LanSchool assists teachers in classroom management and computer monitoring

Students using laptops
Students in eleventh grade use computers. Photo by Samantha Simon.

Sophie Golub


For many students, getting accustomed to classes this year was a little different than usual, especially for the ninth grade. As the first class to utilize the 1-to-1 technology curriculum in the high school, Milken has also introduced LanSchool, a classroom management and computer monitoring program.

After two years of experimenting with the 1-to-1 program, Mr. Jason Ablin, head of school, reflected on the progress and decided to find a program to increase effective classroom management.

LanSchool is part of the school’s 1:1 program, which is presently a feature of Milken’s seventh, eighth and ninth grade programs.

The main purpose of the program is to coordinate what is going in the classroom by collaborating more effectively and limiting student distractions.

A teacher’s computer screen will have every student computer screen open in order to monitor and manage student activity. Specifically, the program allows teachers to send and share content to all screens, share a student’s screen with the class and direct students to particular websites and programs. Teachers can also send individual notes to a students’ screens, decreasing class interruptions.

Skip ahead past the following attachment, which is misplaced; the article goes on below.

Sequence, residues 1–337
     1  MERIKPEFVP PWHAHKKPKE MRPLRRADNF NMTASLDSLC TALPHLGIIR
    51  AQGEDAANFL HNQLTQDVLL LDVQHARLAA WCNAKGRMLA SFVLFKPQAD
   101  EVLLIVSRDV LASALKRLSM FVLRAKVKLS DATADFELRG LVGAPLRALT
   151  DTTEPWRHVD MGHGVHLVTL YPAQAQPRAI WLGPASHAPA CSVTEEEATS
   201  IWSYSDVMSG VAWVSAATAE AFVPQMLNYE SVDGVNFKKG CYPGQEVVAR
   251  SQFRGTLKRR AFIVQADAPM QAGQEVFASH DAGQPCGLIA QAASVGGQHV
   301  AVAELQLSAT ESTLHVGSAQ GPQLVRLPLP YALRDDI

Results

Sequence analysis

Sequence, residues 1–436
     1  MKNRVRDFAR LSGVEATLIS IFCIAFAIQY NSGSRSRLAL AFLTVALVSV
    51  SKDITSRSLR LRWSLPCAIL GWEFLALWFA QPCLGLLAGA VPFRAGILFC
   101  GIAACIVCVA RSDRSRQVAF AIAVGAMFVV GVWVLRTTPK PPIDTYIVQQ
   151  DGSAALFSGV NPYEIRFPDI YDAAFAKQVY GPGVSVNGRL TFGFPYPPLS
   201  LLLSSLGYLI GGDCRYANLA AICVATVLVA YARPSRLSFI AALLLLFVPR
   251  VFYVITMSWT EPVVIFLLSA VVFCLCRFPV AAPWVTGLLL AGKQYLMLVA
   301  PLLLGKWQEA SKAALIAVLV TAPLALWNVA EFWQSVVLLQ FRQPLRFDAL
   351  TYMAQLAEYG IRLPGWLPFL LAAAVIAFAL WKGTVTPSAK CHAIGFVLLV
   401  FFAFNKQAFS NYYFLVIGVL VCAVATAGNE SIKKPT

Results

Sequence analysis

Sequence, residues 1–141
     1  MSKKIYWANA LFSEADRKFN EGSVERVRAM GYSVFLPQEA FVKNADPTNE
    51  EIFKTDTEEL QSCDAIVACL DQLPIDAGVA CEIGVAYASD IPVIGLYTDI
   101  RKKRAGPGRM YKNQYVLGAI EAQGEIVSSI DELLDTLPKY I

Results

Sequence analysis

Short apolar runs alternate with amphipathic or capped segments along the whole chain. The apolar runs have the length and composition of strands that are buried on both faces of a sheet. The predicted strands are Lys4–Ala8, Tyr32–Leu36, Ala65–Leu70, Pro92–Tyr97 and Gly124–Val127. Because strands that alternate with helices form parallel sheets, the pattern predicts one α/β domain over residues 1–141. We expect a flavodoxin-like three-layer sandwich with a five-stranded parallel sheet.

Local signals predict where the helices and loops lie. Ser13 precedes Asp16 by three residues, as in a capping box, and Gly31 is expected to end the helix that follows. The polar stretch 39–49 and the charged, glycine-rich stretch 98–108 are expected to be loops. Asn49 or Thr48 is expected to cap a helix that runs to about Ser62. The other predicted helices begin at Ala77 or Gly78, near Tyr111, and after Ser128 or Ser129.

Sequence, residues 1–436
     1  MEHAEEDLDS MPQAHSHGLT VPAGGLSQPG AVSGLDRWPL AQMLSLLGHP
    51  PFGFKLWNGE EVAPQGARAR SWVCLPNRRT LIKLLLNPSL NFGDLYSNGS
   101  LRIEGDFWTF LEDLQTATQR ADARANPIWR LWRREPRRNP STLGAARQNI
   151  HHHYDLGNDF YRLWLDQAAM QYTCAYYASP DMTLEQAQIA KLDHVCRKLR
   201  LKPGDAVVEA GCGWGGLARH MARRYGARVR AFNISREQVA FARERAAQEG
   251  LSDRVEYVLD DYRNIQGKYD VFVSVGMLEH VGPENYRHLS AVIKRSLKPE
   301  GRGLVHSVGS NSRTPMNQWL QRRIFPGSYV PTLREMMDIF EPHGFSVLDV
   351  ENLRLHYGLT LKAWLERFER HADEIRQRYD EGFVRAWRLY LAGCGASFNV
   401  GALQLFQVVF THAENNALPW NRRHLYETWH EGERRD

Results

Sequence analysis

“It also allows teachers to oversee what students are doing,” Dr. Jonathan Cassie, assistant head of school, said. “In doing so, the program will hopefully reduce the amount of students chatting on Facebook or playing Tetris during class. However, if a student is playing Tetris, then the teacher can go into the student’s screen and close the game.”

In order to run LanSchool students download the software onto their computer, like any other application. While connected to Milken’s network, each computer will automatically hook up to LanSchool. Every teacher has a different channel for only his or her class. When students are in a class, they sign onto the teacher’s channel, enabling the student’s screen to pop up on the teacher’s screen. When students leave the class, they sign off of the channel, disabling the teacher from viewing the student’s screen. However, Cassie, and other administrators of LanSchool, can still theoretically see any computer screen as long as the student is on the network. Additionally, LanSchool is considered a technology department cost and students do not have to pay for the program.

As the program becomes a staple of the Milken curriculum, Cassie plans on having conversations with the community to reflect on the implementation.

To read The Roar‘s anti-LanSchool editorial, click here.

To read Dr. Cassie’s editorial describing the administration’s justifications for LanSchool’s implementation, click here.